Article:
mRNA-1893 Zika Vaccine Description 2022
Moderna's mRNA-1893 vaccine candidate contains an mRNA sequence encoding for the structural proteins of the Zika virus. It is designed to cause cells to secrete virus-like particles, mimicking the cell's response after a natural infection. Preclinical data published in the Journal of Infectious Diseases have shown that vaccination with mRNA-1893 protected against Zika virus transmission during pregnancy in mice.
On August 19, 2019, Moderna, Inc. announced that the U.S. Food and Drug Administration (FDA) had granted Fast Track Designation for its investigational mRNA-1893, currently being evaluated in a Phase 1 study to prevent Zika virus infection in healthy adults. This project has been funded in whole or in part with Federal funds from the Department of Health and Human Services, Office of the Assistant Secretary for Preparedness and Response, Biomedical Advanced Research and Development Authority (BARDA), under Contract No. HHSO100201600029C.
As of July 12, 2022, the phase 1 study (mRNA-1893-P201) is active in Puerto Rico, with a completion date scheduled for April 26, 2024. On August 3, 2022, Moderna confirmed mRNA-1893 Phase 2 study was ongoing.
Headquartered in Cambridge, Mass., Moderna (Nasdaq: MRNA) currently has strategic alliances for development programs.
Recognizing the broad potential of mRNA science, Moderna set out to create an mRNA technology platform that functions very much like an operating system on a computer. It is designed so that it can plug and play interchangeably with different programs. Generally, the only thing that changes from one potential mRNA medicine to another is the coding region – the actual genetic code that instructs ribosomes to make protein. Utilizing these instruction sets gives the investigational mRNA medicines a software-like quality. Moderna also can combine different mRNA sequences encoding for various proteins in a single mRNA investigational medicine.
mRNA-1893 is indicated for avoiding transmission of the Zika disease from a mother to an unborn child.
Interim Phase 1 Data - All four cohorts (10 µg, 30 µg, 100 µg, 250 µg) of the Phase 1 study of mRNA-1893 have been dosed. An interim study analysis reports safety and immunogenicity data from the ten µg and 30 µg cohorts. In addition, neutralizing antibody titers were assessed using Plaque Reduction Neutralization Test (PRNT50) and microneutralization assays (M.N.), which provide equivalent guidance for interpreting the neutralizing immune response.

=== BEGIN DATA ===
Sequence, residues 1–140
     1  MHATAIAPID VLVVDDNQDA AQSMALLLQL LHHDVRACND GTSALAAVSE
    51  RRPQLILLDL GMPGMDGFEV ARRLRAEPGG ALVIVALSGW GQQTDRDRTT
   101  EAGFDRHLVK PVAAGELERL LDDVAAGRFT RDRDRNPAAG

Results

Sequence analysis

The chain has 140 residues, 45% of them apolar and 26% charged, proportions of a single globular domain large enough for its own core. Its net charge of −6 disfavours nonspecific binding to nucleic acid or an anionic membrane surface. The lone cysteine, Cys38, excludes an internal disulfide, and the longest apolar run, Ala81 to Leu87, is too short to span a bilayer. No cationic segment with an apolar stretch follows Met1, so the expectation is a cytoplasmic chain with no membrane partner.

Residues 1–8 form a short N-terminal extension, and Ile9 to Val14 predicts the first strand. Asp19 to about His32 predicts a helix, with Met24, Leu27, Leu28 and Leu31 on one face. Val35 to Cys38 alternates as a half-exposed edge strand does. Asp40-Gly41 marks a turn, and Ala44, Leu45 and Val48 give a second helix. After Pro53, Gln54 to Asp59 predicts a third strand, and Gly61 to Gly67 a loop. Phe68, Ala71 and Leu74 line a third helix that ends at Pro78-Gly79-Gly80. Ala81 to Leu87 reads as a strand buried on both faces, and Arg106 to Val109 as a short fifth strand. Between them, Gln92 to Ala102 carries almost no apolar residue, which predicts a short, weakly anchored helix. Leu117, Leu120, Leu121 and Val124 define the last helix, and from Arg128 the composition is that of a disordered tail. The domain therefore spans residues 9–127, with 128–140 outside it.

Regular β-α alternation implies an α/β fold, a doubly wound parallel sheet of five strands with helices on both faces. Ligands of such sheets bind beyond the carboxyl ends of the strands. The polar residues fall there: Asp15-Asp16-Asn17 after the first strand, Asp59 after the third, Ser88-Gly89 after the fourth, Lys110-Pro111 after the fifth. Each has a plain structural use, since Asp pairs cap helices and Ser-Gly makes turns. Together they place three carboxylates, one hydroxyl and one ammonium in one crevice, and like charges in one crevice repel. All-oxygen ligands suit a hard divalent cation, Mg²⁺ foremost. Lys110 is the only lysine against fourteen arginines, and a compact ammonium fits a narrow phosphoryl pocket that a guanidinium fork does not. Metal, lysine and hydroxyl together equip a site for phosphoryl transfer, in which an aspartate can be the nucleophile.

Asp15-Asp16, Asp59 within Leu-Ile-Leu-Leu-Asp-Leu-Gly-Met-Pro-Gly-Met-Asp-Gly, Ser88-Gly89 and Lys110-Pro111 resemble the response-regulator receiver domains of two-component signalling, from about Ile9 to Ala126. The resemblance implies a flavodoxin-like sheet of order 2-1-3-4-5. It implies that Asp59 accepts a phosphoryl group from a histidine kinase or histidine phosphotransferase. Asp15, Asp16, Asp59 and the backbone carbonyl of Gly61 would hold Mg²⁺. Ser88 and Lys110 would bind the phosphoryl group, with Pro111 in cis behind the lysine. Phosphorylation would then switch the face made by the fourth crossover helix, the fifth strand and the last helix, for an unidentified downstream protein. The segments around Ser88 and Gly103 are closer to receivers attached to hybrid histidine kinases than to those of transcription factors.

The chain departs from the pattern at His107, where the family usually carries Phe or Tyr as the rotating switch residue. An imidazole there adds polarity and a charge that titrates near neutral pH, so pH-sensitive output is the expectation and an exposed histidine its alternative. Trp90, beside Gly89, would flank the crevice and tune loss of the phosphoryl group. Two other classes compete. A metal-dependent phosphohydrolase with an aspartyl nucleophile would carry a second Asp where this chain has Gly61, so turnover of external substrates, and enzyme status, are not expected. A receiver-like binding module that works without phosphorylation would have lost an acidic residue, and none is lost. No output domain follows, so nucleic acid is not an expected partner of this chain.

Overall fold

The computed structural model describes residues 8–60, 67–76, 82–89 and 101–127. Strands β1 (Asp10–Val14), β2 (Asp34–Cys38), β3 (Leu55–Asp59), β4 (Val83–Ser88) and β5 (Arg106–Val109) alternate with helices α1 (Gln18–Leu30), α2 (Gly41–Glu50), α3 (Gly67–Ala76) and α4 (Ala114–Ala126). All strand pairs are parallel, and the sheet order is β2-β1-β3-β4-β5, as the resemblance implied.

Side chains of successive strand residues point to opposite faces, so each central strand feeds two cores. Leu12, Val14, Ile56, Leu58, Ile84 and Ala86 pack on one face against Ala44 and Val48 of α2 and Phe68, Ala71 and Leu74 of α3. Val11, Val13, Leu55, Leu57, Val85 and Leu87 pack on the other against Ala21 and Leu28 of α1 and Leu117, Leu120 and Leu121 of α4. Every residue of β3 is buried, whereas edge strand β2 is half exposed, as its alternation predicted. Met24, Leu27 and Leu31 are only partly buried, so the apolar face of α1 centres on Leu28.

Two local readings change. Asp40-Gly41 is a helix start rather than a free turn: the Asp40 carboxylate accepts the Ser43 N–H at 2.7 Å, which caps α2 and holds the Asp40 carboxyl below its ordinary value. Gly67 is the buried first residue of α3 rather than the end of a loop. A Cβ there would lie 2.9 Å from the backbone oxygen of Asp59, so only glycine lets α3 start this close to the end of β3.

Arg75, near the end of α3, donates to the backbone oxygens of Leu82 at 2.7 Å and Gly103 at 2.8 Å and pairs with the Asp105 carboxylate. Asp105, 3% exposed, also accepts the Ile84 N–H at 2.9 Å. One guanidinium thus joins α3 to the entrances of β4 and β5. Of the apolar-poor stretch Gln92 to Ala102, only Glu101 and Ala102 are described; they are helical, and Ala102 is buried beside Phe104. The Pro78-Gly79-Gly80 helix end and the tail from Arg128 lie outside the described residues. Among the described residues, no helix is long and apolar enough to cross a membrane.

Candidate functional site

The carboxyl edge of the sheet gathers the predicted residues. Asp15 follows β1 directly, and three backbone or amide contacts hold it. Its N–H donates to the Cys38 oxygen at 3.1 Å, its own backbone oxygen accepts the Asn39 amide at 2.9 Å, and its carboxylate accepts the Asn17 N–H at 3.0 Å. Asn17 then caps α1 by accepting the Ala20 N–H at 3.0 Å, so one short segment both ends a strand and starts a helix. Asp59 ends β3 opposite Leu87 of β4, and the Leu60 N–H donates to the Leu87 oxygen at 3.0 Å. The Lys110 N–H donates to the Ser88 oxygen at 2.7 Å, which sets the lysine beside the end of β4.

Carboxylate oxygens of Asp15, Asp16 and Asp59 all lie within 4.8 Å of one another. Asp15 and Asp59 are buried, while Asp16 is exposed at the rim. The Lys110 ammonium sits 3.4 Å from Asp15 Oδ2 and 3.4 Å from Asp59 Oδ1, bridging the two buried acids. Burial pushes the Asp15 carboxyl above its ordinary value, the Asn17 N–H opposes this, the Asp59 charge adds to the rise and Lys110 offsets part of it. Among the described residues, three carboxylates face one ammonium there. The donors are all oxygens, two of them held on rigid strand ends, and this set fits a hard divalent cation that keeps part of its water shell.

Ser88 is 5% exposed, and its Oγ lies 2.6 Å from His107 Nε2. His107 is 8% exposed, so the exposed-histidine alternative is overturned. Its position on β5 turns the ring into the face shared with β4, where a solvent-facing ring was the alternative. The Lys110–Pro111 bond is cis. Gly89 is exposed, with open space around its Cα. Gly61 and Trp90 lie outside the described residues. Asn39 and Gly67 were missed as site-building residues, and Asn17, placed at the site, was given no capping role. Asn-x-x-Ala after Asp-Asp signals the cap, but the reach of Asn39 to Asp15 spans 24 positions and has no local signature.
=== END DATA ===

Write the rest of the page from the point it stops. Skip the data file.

mRNA-1893 News 2019 - 2022
May 4, 2022 - Moderna confirmed the Phase 2 study of mRNA-1893 is ongoing in the U.S. and Puerto Rico and is being developed in collaboration with BARDA.
November 10, 2021 - The Hindustan Times reported that ZIKA virus cases had reached over 100 cases. Of the 105 positive cases, 17 are now negative.
November 4, 2021 - Moderna announced that its phase 2 study of mRNA-1893 is ongoing in the U.S. and Puerto Rico. mRNA-1893 is being developed in collaboration with BARDA.
April 14, 2020 - First interim analysis of the Phase 1 study shows that ten µg and 30 µg dose levels seroconverted 94% and 100% of seronegative participants, respectively, and effectively boosted seropositive participants; both dose levels were generally well-tolerated.
August 19, 2019 - Moderna Inc. announced that the Food and Drug Administration had approved its potential vaccine for the Zika virus for a fast track to approval. Fast Track is designed to facilitate the development and expedite the review of therapies and vaccines for serious conditions and fill an unmet medical need. Programs with Fast Track designation may benefit from early and frequent communication with the FDA, in addition to a rolling submission of the marketing application.
mRNA-1893 Clinical Trials
mRNA-1893 Zika vaccine is currently being studied in two clinical trials.
Following a two-dose vaccination schedule of mRNA-1893 given 28 days apart in phase 1, the ten µg and 30 µg dose levels were both generally well-tolerated, and there were no vaccine-related serious adverse events or adverse events of particular interest. The most frequent solicited adverse reaction was local pain at the injection site. The safety profile did not appear affected by the second vaccination nor flavivirus-positive baseline serostatus. The analysis also showed that the ten µg and 30 µg dose levels induced a neutralizing antibody response in both flavivirus infection-naïve (seronegative) participants and participants with pre-existing flavivirus antibodies (seropositive), as shown by geometric mean titers and seroconversion rates. Notably, a single vaccination of the 30 µg dose level was sufficient to convert baseline flavivirus seronegative participants.